The way we’re working is changing. Recent research undertaken by The Human Edge, has found employees prefer continuous engagement with their managers, as opposed to once or twice a year engagement in performance reviews. “It’s time we seriously think about eradicating the outdated annual performance review,” says Helene Vermaak business director at The Human Edge. “In fact, millennials [who according to Gallup. Inc will by the year 2020 make up 50% of the global work force] don’t understand why they must wait an entire year to learn how they’re performing on the job – they’re accustomed to instant gratification. They want and need daily feedback in real time and thus we need to be conducting leadership conversations.”

Continuous engagement between managers and employees is an absolute must. The Human Edge’s research found that the majority, 69%, of managers only engage once or twice a year in performance conversations, and only 38% of employees found the annual performance review a good return on their invested time.

When it comes to annual performance reviews, there are five psychological obstacles that come into play, explains Vermaak:

  1. Infrequent feedback – Timely feedback is more likely to be helpful and feel constructive, while delayed feedback seems more like an evaluation and criticism of past mistakes.
  2. Lack of clarity – Traditional annual reviews not only provide feedback too infrequently for it to be actionable, but their ratings and rankings are often too vague to help employees know how to improve their performance. A fundamental flaw in most annual performance reviews is that managers do not tailor them to reflect what they expect of each employee, and they do not help employees prioritise how to move forward.
  3. Manager bias – Ratings often reflect the manager’s often-unstated expectations and implicit bias.
  4. Adverse reactions to evaluation and feedback – When employees have a negative reaction to evaluation and feedback, they are unlikely to be motivated to perform better following their performance review. If this only occurs annually, it is a long wait before managers can counteract those negative feelings.
  5. Too much focus on pay and incentives – If workers feel that the evaluation system is inaccurate and unfair, they assume they will be paid and promoted unfairly as well.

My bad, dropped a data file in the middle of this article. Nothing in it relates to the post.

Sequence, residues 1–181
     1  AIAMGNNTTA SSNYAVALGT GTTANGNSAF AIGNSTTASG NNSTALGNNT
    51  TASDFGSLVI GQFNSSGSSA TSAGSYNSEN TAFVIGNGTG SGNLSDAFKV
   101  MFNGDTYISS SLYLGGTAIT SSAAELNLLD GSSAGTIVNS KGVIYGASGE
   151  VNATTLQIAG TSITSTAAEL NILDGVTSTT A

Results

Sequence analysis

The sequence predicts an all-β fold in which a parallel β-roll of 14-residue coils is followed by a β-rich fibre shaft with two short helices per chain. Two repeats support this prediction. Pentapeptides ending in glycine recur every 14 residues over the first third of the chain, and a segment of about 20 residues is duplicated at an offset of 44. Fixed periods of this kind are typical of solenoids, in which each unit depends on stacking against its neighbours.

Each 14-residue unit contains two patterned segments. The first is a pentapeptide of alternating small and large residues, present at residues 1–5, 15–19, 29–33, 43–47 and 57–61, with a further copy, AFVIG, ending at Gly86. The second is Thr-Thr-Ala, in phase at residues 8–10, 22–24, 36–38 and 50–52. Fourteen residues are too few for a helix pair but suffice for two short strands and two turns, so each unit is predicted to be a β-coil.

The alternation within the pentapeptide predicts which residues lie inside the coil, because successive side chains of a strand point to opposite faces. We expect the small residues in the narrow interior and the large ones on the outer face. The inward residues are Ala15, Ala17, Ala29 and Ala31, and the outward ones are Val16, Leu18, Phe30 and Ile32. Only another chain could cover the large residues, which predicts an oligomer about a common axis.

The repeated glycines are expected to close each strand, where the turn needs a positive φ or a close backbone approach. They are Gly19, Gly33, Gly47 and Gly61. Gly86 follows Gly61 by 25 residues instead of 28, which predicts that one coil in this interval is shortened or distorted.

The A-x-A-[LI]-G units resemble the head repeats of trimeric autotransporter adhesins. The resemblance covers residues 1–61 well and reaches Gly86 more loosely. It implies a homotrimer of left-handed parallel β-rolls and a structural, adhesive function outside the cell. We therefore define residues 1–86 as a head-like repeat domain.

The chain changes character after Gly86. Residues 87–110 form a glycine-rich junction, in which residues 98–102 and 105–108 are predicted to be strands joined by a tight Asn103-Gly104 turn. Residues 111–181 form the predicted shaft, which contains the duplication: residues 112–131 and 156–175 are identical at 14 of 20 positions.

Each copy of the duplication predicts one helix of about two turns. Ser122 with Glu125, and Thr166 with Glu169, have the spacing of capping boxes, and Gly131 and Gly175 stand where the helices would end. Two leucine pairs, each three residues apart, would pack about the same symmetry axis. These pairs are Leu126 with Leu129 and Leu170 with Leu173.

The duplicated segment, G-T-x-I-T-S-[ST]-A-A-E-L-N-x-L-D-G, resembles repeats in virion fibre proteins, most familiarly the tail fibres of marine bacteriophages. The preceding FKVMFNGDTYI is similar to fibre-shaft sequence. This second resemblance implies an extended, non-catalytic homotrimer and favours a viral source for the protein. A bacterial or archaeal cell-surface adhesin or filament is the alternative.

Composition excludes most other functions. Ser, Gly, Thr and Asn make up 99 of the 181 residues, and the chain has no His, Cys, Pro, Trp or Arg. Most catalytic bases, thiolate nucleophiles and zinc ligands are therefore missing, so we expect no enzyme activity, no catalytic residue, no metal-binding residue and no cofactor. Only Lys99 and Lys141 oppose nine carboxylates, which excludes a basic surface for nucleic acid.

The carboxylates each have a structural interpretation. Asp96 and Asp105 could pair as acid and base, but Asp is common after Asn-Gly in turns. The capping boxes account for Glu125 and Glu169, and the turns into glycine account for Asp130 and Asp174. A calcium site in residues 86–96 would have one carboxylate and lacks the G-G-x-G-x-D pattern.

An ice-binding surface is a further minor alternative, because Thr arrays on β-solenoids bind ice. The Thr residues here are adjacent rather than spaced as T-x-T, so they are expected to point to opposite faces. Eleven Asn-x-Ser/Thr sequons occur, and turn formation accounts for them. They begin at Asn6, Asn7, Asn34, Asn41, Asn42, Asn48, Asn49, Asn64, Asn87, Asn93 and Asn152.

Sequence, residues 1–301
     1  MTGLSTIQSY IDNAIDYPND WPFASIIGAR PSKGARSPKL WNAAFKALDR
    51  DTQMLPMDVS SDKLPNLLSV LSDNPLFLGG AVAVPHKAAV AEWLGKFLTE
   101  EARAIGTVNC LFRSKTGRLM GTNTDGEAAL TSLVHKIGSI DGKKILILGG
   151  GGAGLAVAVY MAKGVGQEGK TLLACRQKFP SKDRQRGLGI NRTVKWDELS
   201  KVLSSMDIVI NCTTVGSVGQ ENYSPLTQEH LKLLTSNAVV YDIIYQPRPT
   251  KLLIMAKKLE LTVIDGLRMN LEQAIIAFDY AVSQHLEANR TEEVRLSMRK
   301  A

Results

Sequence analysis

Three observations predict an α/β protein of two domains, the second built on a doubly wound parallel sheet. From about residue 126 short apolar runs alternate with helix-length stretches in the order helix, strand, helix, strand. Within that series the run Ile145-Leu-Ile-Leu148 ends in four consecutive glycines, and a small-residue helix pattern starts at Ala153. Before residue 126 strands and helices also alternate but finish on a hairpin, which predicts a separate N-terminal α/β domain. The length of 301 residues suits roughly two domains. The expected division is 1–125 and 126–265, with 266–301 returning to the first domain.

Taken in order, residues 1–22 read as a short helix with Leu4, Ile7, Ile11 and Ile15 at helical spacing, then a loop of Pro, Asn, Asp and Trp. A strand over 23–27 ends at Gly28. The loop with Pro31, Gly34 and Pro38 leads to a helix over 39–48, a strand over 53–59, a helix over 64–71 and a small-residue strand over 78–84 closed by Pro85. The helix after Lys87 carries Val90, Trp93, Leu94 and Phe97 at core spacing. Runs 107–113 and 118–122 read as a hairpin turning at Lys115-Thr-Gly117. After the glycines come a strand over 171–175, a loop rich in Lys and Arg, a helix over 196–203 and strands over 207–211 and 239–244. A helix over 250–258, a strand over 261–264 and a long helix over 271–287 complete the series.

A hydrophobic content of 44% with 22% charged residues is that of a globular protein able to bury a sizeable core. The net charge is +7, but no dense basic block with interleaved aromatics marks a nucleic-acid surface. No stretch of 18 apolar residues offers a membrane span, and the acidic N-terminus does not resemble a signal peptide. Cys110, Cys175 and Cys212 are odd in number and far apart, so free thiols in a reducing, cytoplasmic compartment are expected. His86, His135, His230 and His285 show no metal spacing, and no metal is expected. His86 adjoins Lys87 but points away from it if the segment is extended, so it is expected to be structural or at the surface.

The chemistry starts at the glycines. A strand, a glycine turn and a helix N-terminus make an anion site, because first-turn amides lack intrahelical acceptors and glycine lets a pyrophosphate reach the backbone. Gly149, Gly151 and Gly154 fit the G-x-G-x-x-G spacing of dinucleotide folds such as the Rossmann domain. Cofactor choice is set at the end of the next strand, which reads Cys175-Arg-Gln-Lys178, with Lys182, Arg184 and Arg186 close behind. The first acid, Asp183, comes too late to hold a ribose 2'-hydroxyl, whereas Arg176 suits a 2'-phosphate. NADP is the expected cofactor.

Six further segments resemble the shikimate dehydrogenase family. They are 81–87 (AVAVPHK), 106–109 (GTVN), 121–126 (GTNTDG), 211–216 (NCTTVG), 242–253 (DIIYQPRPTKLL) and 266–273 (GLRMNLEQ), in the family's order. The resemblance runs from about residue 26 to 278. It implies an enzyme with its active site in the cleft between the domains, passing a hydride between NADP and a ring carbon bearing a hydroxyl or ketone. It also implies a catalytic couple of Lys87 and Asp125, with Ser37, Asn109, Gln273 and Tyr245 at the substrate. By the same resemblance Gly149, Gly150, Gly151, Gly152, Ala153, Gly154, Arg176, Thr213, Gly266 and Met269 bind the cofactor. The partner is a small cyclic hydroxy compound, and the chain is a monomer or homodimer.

Vermaak adds that the performance review approach does not result in better employee retention, or improved employee satisfaction and there is not a better link between performance and pay. So, we know that everyone comes to work wanting to do a good job, and you can help people do this, says Vermaak, by:

  • Giving clear direction and priorities
  • Agreeing on the performance standard expected
  • Identifying support and development to help
  • Keeping in touch and providing feedback on progress regularly

Managing is done minute-to-minute in a series of conversations. More specifically, Vermaak describes five Leadership Conversations that drive performance and strengthen employee relationships:

  1. Goal setting and expectation clarification – The purpose of this conversation is to have a dialogue that focuses the person on exactly what needs to be done, by when, how the manager will measure success, and when and how regularly the manager should follow up and provide feedback. All good performance begins with mutually created, clear and compelling goals.
  2. Progress review, re-directing and feedback – This conversation should ensure that employees are clear about the work they need to do and what qualifies as successful. It should create a shared understanding of what needs to be done today, tomorrow, next week and into the future. Managers and employees should collaborate to determine performance expectations based on the employee’s abilities, aspirations and developmental needs. Together, they should clearly identify performance targets and determine the most important objectives to prioritise. Managers should help employees understand why their role exists and how their role expectations align with team and organisational objectives.
  3. Quick connects – Managers should assess quickly how an employee is doing and identify successes and barriers.
  4. Formal review (wrapping-up conversations) – Formal reviews of progress on goals, expectations and planning for future opportunities. This conversation should focus on celebrating accomplishments and discussing any new knowledge or skills gained during the process.
  5. Developmental and career aspirations – This conversation should focus on strengths and talents, opportunities for growth, learning and development and innovation and continuous improvement.

Vermaak offers five tips for positive leadership conversations:

  1. Operate from a FACTS base
  2. Ensure PSYCHOLOGICAL SAFETY
  3. Emphasise MUTUAL PURPOSE
  4. Works towards JOINT SOLUTIONS
  5. Document WHO will do WHAT, by WHEN, how will we MEASURE, FOLLOW UP and give FEEDBACK